It should not come as a great surprise that the issue of software quality has recently become a significant topic now that development to release times have become shorter. Developing software with both speed and high quality has now become and will continue to be a big challenge in software production, and this mandates the necessity that both Development and Quality Assurance Engineers have to team up to solve the problem of speed vs quality.
Since the time of manual test execution against large sets of test cases that have been written, reviewed and approved has become a thing of the past, the QA Team must use a new set of skills, namely software development and scripting, along with the ability to install and put to use a set of tools that can execute a large number of tests. In addition to only executing tests, automation tools such as Robot Framework, Nightwatchjs and Jenkins can make both the tests themselves and the test results visible to not only QA, but also to the Developers, Project Managers, and other stakeholders for whom the quality of the software is important.
Continuous Development and Continuous Testing
Many buzzwords fly around now regarding software development, and of late there is DevOps, Agile, and Continuous Development. Along with the concept of Continuous Development, there must also be Continuous Testing. The idea behind this is simple: after a new build for a software feature, there must also be a set of tests to confirm the expected functionality of the just-built software. These tests can be written and executed in a number of test frameworks, the most common at Exove being Robot Framework and Nightwatchjs, and the tests are executed automatically as scheduled after being uploaded into Jenkins into a specific project.
The timeliness of execution after a new build is important because code for recent software features can interfere with previously-tested and verified software to create regression bugs. Regression testing aims at verifying that older, confirmed software functionality still operates as expected. As opposed to functional testing, in which the code is executed manually in one or sometimes in a second pass, regression testing is executed in Jenkins or similar tool such as Hudson, after having been written as a script on an automated testing framework. Automated regression testing is done frequently, that is daily or even multiple times a day, to verify the continued reliability of older software. Quality Assurance is informed if a test in the automated regression test set fails, and investigation can quickly begin accordingly, to examine if the failure was an issue in the test itself or if the regression test set has found a bug in the software.
Test Creation Vs. Test Maintenance
It has been said that the key to successful test automation owes more to maintaining and updating tests just as much if not more than to the creation of the test scripts themselves. It is inevitable that, at some point during the regression test set execution, there will be a failure in one or more tests. it is at this point important for the QA Engineer in charge of test automation to be made aware as soon as possible that a failure has occurred, examine the tests to verify that the failure has been caused by either an error in the script or if a bug has been found. After this, the QA Engineer will either fix the script so the test runs successfully to verify software stability, or report the bug.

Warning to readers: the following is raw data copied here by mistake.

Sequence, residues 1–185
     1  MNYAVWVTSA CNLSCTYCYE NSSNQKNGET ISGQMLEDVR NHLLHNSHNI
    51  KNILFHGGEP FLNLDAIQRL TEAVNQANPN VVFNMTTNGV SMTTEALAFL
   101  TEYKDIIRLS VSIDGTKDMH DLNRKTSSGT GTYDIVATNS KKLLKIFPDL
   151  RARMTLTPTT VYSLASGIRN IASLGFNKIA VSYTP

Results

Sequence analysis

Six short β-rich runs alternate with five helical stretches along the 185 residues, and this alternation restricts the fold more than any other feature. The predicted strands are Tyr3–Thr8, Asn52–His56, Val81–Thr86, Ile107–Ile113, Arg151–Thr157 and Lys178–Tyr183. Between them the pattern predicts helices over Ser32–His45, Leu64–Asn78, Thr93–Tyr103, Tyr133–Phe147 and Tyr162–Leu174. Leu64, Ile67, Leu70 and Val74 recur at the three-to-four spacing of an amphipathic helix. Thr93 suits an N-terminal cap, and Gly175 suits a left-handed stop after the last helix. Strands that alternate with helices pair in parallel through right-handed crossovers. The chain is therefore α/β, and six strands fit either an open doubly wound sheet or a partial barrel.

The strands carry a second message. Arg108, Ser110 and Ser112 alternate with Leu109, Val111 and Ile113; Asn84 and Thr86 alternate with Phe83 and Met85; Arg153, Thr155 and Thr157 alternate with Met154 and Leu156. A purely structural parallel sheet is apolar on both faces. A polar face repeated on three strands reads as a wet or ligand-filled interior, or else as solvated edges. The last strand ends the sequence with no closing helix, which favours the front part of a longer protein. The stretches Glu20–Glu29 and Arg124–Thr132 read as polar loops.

The term “test automation” can be misleading, because after script creation and successful execution on the Continuous Integration system, the QA Engineer must be aware always of the pass/fail status of each test of the regression set. A lot more awareness and tester action is needed that what the term “test automation” implies. Fortunately, there are tools available to inform by email, for example, if a failure has occurred in an automated test run, but QA should always review automated test execution results to know not just what might be failing, but also to know what tests are always passing and know how to update each test if any changes are required. In addition, more tests can always be added to examine the software in greater detail, and tests that are no longer relevant can be removed to make the set manageable and efficient. An inevitability of regression testing is the regression test set that has become so bloated with old and no longer relevant tests will cause failures. The large number of tests for often old and no longer relevant features makes investigation difficult, so to prevent this, timely test editing is necessary to maintain a manageable test set, the execution of which can inform of continued software reliability as well as quickly inform if bugs are found.
In conclusion, test automation, if tests are maintained and updated to reflect current functionality, can speed up the testing time and provide the team with information of the software’s stability and reliability. The tests should always be updated to check where previously undetected bugs may be lurking, and to provide additional tests that will show the system’s present stability.